One year ago today, across the world in the parched Okanagan Valley, I said goodbye. I still think about that experience often, recalling the crisp night sky adorned with twinkling stars as I stayed up with Dad in his ER room. While I have previously written that I was lucky, it does not mean it wasn’t traumatic. Before that afternoon of rapid decisions and lack of sleep, before sitting alone with him, hearing his drawn out breaths slowly, slowly, slowly give way to silence, before all that I thought I was strong enough to accompany someone to death’s door and see them off. I was wrong. I still feel very sorry. A year later I am not healed.
Yet somehow I made it through without breaking down. Chanting Amida’s name helped. So I wanted to come here, to this temple which I have been connected to for more than 20 years, to pay homage, give thanks, and reflect.
A year later I realize how big a presence my father was in my life, underscored by his lack of being here. I lived far away for so many years, so I had no idea how much support he was actually providing. The scars from that day were really just the beginning.
But as the sutta says:
What’s past is left behind;
the future has not arrived;
Today’s the day to keenly work—
who knows, tomorrow may bring death!
For there is no bargain to be struck
with Death and his mighty hordes.
So I light a candle and a stick of incense. And enjoy the flowers on my walk back to work.
After arriving in Kyoto I considered how I should journal daily life here. For the month of May I experimented with the indie Micro.blog service, posting pics, videos, and short updates at everydaykyoto.micro.blog. The service is pretty straightforward, with a simple non-surveillance capitalist business model. The community is really nice too. So I can recommend it for sure.
However, I figured I should be getting more use out of my main real estate on the internet: chadkohalyk.com! So I moved all the posts over here and filed them under the tag #everydaykyoto. You will note that I have updated this blog to take advantage of WordPress’s post formats. This is all part of making the transition to POSSE, which I will discuss in a future post, once I have things fully set up.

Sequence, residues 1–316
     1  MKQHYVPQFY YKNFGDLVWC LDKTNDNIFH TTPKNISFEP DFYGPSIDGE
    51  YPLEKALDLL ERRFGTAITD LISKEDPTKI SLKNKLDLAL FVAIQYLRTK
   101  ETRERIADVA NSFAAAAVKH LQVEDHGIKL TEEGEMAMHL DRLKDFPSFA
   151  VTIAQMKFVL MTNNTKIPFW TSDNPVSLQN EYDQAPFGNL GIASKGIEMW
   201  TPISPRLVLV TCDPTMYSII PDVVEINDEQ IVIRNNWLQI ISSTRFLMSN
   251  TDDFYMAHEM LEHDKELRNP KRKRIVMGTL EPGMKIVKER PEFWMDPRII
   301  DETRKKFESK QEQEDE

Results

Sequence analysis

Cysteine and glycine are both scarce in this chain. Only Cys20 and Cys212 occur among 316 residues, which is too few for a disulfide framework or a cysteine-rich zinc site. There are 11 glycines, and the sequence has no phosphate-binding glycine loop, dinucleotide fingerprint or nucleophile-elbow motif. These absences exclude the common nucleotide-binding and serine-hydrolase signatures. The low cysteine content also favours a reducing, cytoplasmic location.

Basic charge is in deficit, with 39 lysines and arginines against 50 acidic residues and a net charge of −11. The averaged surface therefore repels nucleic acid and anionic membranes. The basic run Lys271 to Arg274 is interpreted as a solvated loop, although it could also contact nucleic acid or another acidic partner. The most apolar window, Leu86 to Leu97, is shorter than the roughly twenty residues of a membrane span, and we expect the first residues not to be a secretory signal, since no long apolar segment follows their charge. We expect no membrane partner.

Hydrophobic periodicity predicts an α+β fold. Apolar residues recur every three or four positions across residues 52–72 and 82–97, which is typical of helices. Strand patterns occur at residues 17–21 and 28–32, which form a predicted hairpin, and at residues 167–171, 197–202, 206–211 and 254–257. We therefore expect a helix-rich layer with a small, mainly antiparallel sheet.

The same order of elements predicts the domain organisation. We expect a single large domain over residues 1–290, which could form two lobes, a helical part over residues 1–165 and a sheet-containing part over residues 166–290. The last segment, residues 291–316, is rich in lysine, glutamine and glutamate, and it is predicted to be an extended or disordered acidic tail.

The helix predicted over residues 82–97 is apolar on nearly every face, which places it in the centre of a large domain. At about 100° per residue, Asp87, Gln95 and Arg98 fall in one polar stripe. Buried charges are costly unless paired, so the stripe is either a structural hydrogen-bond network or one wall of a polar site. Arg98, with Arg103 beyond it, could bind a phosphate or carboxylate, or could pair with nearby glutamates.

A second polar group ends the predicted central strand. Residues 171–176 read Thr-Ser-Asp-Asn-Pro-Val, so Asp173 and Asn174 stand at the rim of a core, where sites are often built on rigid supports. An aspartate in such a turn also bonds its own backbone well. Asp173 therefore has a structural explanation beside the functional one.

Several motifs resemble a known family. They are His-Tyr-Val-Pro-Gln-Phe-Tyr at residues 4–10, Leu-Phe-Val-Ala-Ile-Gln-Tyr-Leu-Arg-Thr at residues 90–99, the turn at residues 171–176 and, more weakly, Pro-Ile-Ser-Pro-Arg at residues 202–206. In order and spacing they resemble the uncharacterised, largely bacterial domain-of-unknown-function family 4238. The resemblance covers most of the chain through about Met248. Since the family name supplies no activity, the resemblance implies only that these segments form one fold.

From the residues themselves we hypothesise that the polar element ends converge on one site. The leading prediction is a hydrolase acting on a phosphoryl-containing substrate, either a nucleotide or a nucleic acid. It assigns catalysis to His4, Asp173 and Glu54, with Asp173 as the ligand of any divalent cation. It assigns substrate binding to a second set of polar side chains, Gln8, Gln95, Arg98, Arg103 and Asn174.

I plan to post more actively on this blog, capturing more of the everyday in Japan, so I thought I should re-share my introductory post on Micro.blog below. The experiment will continue, it will be just be here on this site.
Kyoto is the first place I lived in Japan between 1999-2004. My wife is and my second daughter were born here. When we lived in Nagoya we would often ride the 45 minute Shinkansen to spend time in Kyoto with friends and family. Every year we lived in Canada from 2010-2020 we would return for a few weeks during spring, summer, or winter break. And when we moved to Japan in 2020 for our Iki adventure, we used Kyoto as our base of operations.
Kyoto is my “hometown” in Japan. I have watched it change significantly over the past two decades. I think it is one of the most unique and historically interesting cities in the world, and I never tire of exploring it’s alleyways, temples, and shrines.
Now, after nearly twenty years, we have relocated to Kyoto for the foreseeable future. As I mentioned in my April 2022 newsletter, I am not sure how long we will be here this time, but I want to use this microblog to capture everyday interactions while living life here.
This is a new media experiment for me and will evolve as the months progress and we settle into daily life here. I imagine it to be part journal, part travelogue. Through the photos and comments I post I hope you can gain some insight into this city, and appreciate its special qualities as I do.
On the Nordic Asia podcast this week Dr Satoko Naito interviewed Dr Kanako Kuramitsu about her research on an unseen population: children of consensual relationships between Japanese fathers and Chinese mothers in the war years. The emphasis on the word “consensual” is mine, meant to underscore that this is not the most commonly heard narrative coming out of the region in those years. This research is part of the Children Born of War (CBOW) project. The short podcast was pretty eye-opening for me and it also introduced a short film that Dr Kuramitsu helped develop to bring these stories to a wider audience. It highlights the love those relationships had, and the challenges that the mothers and children faced during the Cultural Revolution, forcing them to burn all records of their fathers, making “repatriation” to Japan very difficult after relations normalized in 1972. You can watch this short film below, and learn more on the project website →
Walking down Shijō, above the crowd is the sound of practice: they are getting ready for Gion Matsuri at the Naginata-hoko! 🔊